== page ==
director of energy policy for public interest group Public Citizen.
"Does it produce less greenhouse gas emissions than coal or gas? Yes.
"But it produces waste potentially more problematic not only from the
mining aspect but from the high-level radioactive waste that a
commercial nuclear reactor is going to produce."
Mr Slocum says the industry's apparent renaissance is due very largely
to "massive - you could say unprecedented - federal subsidies".
"If you had a programme like this for wind and solar, wind and solar
would be the biggest energy sources in the next 20 years," he said.
The question of how nuclear waste is stored is already a controversial
issue in the US.
The issue of long-term nuclear waste storage remains uncertain
A planned national repository for spent fuel at Yucca Mountain in Nevada
has run into sustained opposition from some local lawmakers, including
Democratic Senate Majority Leader Harry Reid.
The government is due to submit an application to the NRC to start
construction at the site by 30 June next year. But while it is scheduled
to open before 2020, it could still be delayed or blocked altogether.
In the meantime, nuclear waste will continue to be stored on site at
Critics argue that this inevitably increases the risk that plants will
become a terror target, despite steps to give nuclear facilities extra
protection after 9/11.
Public reaction to the planned expansion in reactors has so far been
Opponents say that is because the nuclear lobby has exploited concerns
over climate change.
Campaigners fear a new reactor could harm Chesapeake Bay wildlife
But the NEI points to evidence that people living near existing plants
are more strongly in favour of nuclear power than the general public.
At least one proposal has sparked local opposition, however.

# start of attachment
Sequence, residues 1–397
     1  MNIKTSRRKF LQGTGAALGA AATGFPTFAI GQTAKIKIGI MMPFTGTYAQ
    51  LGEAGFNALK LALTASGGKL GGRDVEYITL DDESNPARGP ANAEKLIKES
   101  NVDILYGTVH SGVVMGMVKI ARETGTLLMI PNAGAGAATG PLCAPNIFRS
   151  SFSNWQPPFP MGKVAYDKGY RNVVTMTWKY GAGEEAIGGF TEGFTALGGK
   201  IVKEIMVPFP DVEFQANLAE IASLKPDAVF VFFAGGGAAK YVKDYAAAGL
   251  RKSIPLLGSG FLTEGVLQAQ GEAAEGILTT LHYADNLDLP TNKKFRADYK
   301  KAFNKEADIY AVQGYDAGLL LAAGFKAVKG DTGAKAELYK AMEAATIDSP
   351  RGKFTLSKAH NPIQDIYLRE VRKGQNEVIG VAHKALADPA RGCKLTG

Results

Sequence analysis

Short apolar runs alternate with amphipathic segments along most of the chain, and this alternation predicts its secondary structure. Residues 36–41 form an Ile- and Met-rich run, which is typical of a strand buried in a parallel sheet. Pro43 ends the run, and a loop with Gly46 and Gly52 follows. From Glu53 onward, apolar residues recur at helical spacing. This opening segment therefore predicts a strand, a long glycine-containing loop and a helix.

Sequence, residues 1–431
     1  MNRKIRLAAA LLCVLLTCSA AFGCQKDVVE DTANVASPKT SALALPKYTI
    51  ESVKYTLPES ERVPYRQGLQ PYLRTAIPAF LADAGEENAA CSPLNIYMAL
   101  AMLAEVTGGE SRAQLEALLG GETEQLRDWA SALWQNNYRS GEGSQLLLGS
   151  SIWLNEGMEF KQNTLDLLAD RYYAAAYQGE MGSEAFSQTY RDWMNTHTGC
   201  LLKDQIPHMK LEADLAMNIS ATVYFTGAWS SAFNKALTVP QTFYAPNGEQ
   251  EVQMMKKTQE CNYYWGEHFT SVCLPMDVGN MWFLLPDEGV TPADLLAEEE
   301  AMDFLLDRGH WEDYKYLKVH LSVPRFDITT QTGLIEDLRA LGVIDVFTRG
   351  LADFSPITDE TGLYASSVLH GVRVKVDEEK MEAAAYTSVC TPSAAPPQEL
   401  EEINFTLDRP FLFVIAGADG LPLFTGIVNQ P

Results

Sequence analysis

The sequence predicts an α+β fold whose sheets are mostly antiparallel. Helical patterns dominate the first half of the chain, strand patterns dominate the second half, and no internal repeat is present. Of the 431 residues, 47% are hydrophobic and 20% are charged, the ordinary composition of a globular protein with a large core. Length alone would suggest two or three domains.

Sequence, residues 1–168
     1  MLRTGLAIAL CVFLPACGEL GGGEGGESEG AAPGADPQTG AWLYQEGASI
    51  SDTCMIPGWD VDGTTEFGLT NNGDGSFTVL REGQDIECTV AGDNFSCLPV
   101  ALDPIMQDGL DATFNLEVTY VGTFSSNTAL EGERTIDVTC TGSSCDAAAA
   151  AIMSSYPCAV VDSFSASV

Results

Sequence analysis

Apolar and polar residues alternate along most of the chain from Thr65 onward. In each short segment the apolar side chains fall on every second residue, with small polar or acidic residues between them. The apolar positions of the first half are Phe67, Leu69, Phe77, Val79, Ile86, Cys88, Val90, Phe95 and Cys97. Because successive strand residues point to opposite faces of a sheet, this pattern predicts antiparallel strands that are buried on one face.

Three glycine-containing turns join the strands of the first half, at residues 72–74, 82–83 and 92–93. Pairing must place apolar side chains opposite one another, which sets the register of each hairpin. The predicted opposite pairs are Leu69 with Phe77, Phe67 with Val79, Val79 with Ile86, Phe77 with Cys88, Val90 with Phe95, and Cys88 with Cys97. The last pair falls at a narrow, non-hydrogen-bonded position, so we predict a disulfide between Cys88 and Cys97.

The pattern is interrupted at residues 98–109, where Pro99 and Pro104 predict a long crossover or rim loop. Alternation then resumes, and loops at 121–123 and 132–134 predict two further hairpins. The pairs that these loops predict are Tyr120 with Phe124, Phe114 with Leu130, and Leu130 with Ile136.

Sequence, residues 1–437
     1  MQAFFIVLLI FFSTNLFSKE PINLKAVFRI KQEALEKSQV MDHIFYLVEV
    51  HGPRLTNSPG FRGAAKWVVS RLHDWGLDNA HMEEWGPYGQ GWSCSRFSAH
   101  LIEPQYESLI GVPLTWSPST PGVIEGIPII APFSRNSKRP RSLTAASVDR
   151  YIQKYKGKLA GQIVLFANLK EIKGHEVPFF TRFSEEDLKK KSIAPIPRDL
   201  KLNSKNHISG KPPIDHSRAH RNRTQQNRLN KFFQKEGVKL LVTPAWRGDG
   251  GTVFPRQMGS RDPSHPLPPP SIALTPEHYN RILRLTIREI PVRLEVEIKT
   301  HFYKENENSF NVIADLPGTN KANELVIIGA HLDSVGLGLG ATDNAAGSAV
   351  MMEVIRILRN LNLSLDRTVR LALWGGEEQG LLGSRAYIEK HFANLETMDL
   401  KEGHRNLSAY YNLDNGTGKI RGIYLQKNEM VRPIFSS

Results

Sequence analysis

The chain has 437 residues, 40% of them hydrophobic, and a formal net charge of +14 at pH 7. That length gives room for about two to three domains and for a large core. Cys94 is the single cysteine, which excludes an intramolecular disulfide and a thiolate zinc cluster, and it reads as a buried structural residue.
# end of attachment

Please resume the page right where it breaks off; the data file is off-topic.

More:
This is a bid by US energy firm Constellation, in partnership with
France's EDF, to build a new reactor at Calvert Cliffs in Maryland - the
companies filed a partial application in July and are due to file the
rest of the paperwork early next year.
In June, Green Party activist Steve Warner founded the Chesapeake Safe
Energy Coalition to fight the plan, bringing together local people,
environmental and public interest groups.
We would really like to see other forms of energy investigated
He argues the addition of a new reactor, generating as much power as the
two already at Calvert Cliffs, will push combined radioactive emissions
above safe levels.
Of particular concern to the campaigners is whether the reactor could
have an impact on the marine wildlife in the Chesapeake Bay, known for
its blue crabs.
The project has been backed by the Calvert County authorities because it
promises to create 700 jobs, but the coalition hopes to persuade the
state legislature to oppose it.
"The main focus is to not build any more reactors until we resolve the
waste issues and get some reasonable assurance of how they monitor the
emissions," Mr Warner said.
"We would really like to see other forms of energy investigated."